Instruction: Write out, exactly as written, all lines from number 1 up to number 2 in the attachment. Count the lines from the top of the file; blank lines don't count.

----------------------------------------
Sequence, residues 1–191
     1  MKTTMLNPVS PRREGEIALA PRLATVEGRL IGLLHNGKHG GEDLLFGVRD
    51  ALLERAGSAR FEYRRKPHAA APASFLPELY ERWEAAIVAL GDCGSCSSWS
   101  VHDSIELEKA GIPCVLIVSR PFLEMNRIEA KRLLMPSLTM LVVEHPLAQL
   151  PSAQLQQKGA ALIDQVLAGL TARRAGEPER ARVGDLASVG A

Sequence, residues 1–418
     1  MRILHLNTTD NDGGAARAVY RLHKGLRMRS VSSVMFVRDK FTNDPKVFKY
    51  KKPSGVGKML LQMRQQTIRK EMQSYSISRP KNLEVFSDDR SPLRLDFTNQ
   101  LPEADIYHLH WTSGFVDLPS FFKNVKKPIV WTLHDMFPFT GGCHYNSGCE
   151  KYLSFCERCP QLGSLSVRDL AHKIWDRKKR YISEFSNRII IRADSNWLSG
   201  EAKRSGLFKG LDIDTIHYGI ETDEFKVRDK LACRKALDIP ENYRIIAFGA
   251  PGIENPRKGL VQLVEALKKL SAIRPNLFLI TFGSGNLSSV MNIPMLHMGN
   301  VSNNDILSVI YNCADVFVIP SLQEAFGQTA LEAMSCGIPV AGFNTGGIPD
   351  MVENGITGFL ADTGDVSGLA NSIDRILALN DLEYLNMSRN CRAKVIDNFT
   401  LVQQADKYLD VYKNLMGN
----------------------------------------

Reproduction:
Sequence, residues 1–191
     1  MKTTMLNPVS PRREGEIALA PRLATVEGRL IGLLHNGKHG GEDLLFGVRD